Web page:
Uber is the urban hiker’s safety net

by Lynn Hamilton

Walking isn’t sexy. Let’s just face it. Water skiing is sexy, aerobic dancing is sexy. Even kettlebells are sexier than walking.

But I had occasion to learn just how valuable the humble act of walking is after a month in the hospital left me seriously debilitated. I hadn’t broken a leg; I hadn’t been in a car accident. Just lying in bed, following surgery, made me so weak that I couldn’t walk without a walker, an oxygen tank, and a physical therapist tugging on my robe to keep me from falling. 

Since then, I have learned that this kind of catastrophic and sudden loss of body strength following surgery or accident is typical for hospital patients or anyone who spends a lot of time in bed. And it can happen shockingly fast for anyone over fifty. 

I regained my strength quickly, with the help of physical therapists and a lot of determination. 

But every time I asked my therapists what the best exercise was, they would say “walking.”

“How do I rebuild my stamina?”


“How do I improve my balance?”


“How do I recover the ability to pull myself off the floor, off the toilet, out of bed?”


Swimming and bicycling are equally good exercises that give you an all over workout and get the heart pumping.

But for people who are recovering from a trauma or have gotten very out of shape, walking is the easiest way to recover some kind of muscle tone. Walking is a springboard to doing more fun things like bicycling, swimming, skiing, etc. And you don’t need any special gear or clothing to walk.

Walking has become my primary lifetime exercise. When setting out on an errand, the first thing I consider is, “Could I walk this errand?” If my destination is five miles or fewer and doesn’t require getting on an interstate, the answer is often “yes!”

But what if I get half way to the coffee shop or the dentist’s office and it starts raining? Or what if I get dehydrated or my blood sugar crashes? Or what if I can’t really walk as far as I thought I could?

That’s where Uber, Lyft, and other car services, like pedal-cabs (https://friendlycitypedicab.com) come in. Car services provide a safety net for urban hiking unlike anything else. They are cheaper than taxis and safer. With Uber or Lyft, you know up front what you will be charged for the ride. Drivers and their cars are much more carefully screened than are cabs and their drivers. And, unlike cab drivers, Uber and Lyft drivers are carefully reviewed by the companies and their passengers.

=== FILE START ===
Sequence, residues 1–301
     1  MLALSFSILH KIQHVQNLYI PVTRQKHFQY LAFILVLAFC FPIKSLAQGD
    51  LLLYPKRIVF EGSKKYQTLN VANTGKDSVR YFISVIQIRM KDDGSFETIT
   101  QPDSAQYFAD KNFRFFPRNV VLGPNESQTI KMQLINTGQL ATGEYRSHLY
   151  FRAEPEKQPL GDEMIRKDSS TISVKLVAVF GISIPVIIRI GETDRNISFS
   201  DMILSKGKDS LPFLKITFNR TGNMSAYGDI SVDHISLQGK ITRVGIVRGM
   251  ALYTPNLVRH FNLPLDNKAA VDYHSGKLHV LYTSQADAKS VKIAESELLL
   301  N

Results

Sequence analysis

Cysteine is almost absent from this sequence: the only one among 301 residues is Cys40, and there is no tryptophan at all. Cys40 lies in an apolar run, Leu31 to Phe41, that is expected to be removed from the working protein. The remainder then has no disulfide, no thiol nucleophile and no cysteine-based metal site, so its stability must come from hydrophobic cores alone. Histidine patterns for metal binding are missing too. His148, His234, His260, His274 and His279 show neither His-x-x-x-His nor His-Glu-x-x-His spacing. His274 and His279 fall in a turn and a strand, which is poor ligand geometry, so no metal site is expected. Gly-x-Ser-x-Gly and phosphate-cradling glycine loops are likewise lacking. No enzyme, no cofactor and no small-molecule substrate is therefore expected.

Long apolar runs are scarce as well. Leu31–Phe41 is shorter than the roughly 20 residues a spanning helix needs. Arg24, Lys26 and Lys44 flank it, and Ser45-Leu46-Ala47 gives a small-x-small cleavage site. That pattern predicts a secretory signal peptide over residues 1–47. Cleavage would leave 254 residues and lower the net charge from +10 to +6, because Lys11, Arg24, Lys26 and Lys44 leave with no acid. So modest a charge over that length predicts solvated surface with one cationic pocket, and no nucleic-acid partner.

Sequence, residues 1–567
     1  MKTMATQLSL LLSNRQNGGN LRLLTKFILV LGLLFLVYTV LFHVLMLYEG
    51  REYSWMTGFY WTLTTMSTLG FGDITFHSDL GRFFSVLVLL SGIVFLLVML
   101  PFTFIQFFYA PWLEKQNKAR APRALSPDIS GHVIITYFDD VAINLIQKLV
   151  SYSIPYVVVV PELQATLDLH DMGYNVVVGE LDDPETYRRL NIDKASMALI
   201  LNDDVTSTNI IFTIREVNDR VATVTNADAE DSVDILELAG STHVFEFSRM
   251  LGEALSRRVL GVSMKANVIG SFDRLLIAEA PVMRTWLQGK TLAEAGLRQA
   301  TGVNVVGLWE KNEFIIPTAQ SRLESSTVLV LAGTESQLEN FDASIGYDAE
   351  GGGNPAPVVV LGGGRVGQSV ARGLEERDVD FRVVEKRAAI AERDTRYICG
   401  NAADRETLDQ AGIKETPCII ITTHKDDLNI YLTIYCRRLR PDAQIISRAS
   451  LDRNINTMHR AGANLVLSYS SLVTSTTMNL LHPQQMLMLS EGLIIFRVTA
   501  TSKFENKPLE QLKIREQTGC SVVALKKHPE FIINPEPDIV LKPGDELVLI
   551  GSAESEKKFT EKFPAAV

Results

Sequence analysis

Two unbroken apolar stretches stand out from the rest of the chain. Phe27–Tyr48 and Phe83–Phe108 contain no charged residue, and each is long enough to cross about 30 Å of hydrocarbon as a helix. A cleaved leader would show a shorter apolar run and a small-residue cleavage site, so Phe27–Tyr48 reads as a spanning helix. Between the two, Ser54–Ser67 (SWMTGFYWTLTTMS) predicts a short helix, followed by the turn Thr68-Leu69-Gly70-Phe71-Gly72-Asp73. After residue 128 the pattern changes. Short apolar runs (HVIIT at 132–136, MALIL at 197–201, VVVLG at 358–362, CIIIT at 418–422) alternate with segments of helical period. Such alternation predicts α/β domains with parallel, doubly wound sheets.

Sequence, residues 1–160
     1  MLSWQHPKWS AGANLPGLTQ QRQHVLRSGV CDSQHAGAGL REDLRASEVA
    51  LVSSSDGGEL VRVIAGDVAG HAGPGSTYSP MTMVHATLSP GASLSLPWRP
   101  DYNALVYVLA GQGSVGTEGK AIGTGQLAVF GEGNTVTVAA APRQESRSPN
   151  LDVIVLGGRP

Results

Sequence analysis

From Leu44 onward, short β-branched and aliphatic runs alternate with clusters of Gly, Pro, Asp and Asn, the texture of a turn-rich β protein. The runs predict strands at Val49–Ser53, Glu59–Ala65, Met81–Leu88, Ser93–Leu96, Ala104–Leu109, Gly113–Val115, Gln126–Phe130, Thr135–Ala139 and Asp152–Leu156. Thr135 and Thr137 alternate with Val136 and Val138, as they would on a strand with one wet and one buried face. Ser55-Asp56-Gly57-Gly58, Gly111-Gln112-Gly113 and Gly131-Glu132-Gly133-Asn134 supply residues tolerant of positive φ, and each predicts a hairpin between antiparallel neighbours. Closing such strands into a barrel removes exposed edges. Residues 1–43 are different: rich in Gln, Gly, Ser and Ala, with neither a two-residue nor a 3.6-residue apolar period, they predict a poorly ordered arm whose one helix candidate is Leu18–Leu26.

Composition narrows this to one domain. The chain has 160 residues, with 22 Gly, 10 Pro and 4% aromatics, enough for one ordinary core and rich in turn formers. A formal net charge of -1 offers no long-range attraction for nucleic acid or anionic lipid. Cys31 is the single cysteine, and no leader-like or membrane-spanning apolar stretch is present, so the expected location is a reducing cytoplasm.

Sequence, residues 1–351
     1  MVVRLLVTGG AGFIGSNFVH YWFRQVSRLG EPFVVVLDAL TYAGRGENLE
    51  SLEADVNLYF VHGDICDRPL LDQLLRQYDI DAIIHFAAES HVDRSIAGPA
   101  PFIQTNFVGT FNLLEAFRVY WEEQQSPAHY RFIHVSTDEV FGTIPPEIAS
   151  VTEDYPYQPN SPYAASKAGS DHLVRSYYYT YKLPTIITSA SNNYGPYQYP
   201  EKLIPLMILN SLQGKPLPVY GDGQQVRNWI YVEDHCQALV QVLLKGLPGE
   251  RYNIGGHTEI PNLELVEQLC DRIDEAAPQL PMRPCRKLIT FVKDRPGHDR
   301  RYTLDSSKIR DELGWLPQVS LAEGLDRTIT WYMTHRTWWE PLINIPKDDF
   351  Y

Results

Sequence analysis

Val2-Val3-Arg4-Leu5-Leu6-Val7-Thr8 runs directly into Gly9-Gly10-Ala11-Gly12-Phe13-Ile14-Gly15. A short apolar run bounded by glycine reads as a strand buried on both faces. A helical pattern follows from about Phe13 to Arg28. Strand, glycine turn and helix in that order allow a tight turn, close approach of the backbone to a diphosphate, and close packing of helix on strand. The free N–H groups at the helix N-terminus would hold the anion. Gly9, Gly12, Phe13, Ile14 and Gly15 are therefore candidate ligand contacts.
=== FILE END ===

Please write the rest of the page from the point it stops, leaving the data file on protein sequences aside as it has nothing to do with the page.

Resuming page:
The how-to of using car services

Step One—setting up the app on your phone:

  • Download the app on your phone 
  • Establish your terms for payment, (Paypal or a major credit card)
  • Designate a home address (an emergency contact of sorts)
  • Set up a contact person with whom you can share your ride information
  • Familiarize yourself with the app before heading out—you can find numerous “how to” videos on YouTube, or you may want to have a friend walk you through requesting and then taking a ride.

Step Two—Reading a little research on safety

  • Determine how much you want to know about current privacy policies for both the drivers and the passengers. Privacy policies change, so you can keep up to date with simple searches, or by visiting the company website.
  • Both Lyft and Uber websites give advice on what you should and should not tell your driver.
  • You may want to read information online on how Uber or Lyft works for the driver—as it may help you to understand their challenges/how much information they receive about you.

Step Three—trying the app

  • Know the street name, and approximate address

Find the closest street to where you are on their app. Using the “your location” option can cause problems. The algorithm won’t necessarily detect your exact location, especially if you are in a built up area, like a hospital complex or a cluster of strip malls. Make sure that your pick up point is the street you are on.

  • Send a text to your driver describing yourself 

Uber and Lyft drivers are plagued with people who jump into their cars and pretend to be clients. If this happens to your driver, it can really increase your time waiting. To prevent misunderstandings, after you have booked your ride, text your driver a short message that describes what you look like. “Old white lady, black jeans” is often enough. Or “gray coat, gray cap.” You want to make it short and easy enough to read quickly.

  • Establish a contact person for trip status 

As you wait for your ride, or before you choose the back seat (which gives you more mobility options and more personal space), share your trip status with your designated person. It will send a text to that person who will also be able to track your progress.